I have recently asked an Alternative Dispute Resolution agency to make a determination on a case that had me affected.
According to the adjudicator, my plane arrived at destination with a delay of 2h49m. My claim was that the doors of the plane opened more than 11 minutes later, and since I was familiar with the interpretation presented in @dunni's answer, I considered myself eligible for refund.
The adjudicator agreed that the time the doors are opened is what should be taken into account for calculating the flight delay.
As detailed in the case of C-452/13 Germanwings GmbH v Ronny Henning
the concept of arrival time for the purpose of EC261/2004 is when the first
door of the aircraft is opened.
However, at least in my case, there wasn't any available record of when the door opening took place, and since I couldn't provide a proof, they determined, on the basis of probability, that the doors were most likely opened before 11 minutes.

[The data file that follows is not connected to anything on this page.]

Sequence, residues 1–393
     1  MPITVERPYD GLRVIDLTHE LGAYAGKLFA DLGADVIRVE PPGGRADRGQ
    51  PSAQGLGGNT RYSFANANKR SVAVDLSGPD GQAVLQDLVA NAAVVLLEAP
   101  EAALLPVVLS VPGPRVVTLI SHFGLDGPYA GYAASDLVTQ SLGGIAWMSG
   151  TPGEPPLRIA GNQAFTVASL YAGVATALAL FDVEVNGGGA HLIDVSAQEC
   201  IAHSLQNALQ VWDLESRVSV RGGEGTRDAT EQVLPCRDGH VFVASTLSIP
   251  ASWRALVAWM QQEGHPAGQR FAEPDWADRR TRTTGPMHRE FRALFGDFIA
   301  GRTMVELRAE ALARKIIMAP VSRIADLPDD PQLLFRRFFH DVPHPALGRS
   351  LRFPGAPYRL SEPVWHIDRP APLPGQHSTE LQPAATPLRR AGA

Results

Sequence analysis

it is reasonable
to suggest that eleven minutes is sufficient time for the first door of the
aircraft to be opened.
The Passenger does not accept that the delay was less than 3 hours but has
not provided any evidence in support of his position.
In short, and based on a single experience, the arrival time is the time the doors are opened, BUT unless the passenger holds proof of when that time is, it's likely that the time of landing, plus a "fair" time for ground operations (apparently less than 11 minutes), is what will be considered by a Dispute Resolution agency.